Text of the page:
Despite the required external recognition lights and the attention given to the “see and avoid” principle, studies have shown that the primary cause of midair collisions is the failure of a pilot to see another aircraft that poses a threat of collision. Therefore, since the early 1990's, U.S. federal regulations have required that aircraft be equipped with a Traffic Alert and Collision Avoidance System (TCAS) (also known as Airborne Collision Avoidance System (ACAS)) to supplement the “see and avoid” principle. TCAS is an airborne radio system that locates and tracks the progress of aircraft equipped with beacon transponders. A TCAS transmitter in a first, tracking aircraft interrogates transponders of potentially intruding aircraft within range of the system (usually up to about 40 miles). Responding signals or replies from the transponders of aircraft in range are received through a directional antenna by a receiver in the tracking aircraft. The identification and altitude of the intruder are obtained from the replies and the distance and heading of the intruder is calculated and tracked by a TCAS computer in the tracking aircraft. The relative positions of intruders tracked by the TCAS computer are displayed in the tracking aircraft's cockpit.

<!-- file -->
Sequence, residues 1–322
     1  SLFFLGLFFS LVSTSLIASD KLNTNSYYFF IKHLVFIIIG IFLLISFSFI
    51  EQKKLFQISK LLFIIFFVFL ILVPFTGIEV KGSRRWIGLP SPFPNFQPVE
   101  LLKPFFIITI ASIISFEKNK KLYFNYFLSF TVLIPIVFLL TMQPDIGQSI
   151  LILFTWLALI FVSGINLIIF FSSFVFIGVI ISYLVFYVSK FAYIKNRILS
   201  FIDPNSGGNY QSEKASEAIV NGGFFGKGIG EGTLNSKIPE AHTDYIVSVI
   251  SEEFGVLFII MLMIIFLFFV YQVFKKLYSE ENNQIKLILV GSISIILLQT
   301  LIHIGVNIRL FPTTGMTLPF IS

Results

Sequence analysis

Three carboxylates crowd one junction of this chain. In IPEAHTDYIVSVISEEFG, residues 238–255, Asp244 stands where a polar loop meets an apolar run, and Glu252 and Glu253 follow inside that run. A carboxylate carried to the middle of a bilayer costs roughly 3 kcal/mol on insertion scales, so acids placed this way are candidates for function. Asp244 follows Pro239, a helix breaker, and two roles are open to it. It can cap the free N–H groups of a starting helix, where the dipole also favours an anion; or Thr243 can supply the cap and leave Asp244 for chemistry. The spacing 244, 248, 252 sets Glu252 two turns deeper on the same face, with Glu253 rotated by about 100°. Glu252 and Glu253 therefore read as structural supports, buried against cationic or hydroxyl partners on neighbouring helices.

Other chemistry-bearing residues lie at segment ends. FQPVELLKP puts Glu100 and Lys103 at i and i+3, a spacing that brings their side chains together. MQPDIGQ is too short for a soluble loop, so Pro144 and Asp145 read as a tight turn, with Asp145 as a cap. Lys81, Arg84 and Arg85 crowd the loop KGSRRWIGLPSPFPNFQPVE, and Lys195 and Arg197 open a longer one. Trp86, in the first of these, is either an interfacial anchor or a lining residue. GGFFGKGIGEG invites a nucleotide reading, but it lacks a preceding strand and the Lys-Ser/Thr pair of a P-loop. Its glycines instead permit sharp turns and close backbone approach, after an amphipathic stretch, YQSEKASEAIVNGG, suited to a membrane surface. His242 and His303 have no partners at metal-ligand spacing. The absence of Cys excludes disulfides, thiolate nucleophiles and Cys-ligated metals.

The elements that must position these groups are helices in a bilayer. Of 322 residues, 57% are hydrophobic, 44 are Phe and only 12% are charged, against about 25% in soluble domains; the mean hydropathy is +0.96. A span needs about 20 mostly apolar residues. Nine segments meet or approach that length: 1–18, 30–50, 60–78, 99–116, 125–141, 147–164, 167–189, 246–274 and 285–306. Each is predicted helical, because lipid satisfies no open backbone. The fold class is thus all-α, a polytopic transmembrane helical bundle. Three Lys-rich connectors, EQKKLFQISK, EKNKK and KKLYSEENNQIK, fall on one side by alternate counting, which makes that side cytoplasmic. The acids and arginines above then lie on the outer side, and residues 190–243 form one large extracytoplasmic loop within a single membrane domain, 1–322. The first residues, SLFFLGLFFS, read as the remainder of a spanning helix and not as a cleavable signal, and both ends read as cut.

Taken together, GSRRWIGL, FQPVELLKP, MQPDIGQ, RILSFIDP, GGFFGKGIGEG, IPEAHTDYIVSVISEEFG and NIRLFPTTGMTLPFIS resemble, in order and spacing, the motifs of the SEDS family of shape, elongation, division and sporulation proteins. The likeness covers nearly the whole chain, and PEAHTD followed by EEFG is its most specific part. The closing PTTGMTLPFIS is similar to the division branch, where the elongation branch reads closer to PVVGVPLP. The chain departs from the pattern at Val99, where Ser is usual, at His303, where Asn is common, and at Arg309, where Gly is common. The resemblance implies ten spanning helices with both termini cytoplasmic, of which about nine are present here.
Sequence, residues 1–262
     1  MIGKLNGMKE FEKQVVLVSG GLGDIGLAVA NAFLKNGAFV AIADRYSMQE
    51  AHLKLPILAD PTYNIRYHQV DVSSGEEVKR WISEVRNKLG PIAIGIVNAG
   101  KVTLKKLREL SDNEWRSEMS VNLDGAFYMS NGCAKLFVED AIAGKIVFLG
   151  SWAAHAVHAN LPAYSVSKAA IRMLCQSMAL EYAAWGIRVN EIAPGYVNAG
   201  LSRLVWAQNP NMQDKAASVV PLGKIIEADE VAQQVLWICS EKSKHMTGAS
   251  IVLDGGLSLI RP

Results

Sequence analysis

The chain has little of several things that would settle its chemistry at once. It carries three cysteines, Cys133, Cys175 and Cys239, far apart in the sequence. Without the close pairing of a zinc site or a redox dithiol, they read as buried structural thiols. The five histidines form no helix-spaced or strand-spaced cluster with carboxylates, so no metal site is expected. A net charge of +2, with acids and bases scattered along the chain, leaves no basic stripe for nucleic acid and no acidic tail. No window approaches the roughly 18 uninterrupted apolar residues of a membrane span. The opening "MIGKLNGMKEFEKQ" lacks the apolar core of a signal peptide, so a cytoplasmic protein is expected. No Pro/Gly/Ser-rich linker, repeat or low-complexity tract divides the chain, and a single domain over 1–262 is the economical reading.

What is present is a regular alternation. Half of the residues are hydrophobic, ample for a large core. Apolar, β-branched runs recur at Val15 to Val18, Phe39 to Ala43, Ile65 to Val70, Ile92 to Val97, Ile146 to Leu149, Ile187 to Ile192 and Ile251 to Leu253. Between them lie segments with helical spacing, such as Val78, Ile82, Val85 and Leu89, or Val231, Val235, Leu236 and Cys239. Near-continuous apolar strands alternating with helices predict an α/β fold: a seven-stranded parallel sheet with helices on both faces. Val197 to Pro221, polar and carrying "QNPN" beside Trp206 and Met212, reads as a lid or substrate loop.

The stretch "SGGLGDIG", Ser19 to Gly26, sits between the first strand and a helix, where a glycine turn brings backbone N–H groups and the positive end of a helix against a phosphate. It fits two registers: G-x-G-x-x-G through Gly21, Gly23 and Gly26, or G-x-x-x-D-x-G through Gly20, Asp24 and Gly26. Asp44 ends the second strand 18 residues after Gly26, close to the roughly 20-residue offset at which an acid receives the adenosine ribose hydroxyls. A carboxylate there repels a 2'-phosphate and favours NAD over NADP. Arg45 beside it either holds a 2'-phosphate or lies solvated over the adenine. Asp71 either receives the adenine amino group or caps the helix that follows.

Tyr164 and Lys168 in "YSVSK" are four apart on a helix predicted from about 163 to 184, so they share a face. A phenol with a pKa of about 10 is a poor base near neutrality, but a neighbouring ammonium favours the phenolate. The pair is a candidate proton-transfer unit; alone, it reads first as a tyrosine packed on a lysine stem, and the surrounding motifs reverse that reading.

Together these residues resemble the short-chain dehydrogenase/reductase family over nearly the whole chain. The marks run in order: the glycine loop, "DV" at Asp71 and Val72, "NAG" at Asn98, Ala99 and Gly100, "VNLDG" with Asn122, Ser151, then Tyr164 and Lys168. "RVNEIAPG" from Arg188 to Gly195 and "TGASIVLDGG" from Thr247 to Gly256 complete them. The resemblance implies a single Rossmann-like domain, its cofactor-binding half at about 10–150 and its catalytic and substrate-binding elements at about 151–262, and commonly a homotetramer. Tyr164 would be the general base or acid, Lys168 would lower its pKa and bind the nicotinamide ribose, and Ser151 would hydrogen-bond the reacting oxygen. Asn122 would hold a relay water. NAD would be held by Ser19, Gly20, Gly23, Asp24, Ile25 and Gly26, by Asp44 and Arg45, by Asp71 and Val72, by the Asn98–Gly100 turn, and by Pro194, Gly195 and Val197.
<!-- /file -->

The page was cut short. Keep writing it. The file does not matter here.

If the TCAS computer calculates that an intruder is within approximately 35-40 seconds of a potential collision, the system will issue a traffic advisory (TA) indicating to the crew of the tracking aircraft that the intruder is a potential threat. The crew must visually locate the threat and may maneuver vertically with the assistance of air traffic control to resolve the threat. If the aircraft is equipped with a TCAS I system, advisories are limited to traffic advisories. If the tracking aircraft is equipped with a more comprehensive TCAS II system, the traffic advisory will be followed by an resolution advisory (RA) if the intruder approaches within approximately 20-30 seconds of a collision. The TCAS II system can determine whether the intruder is climbing, diving, or in level flight and will advise the pilots of the two aircraft of evasive vertical maneuvers to resolve the course conflict. Even with the TCAS system, the ability to quickly visually locate an intruder is important to avoiding midair collision hazards.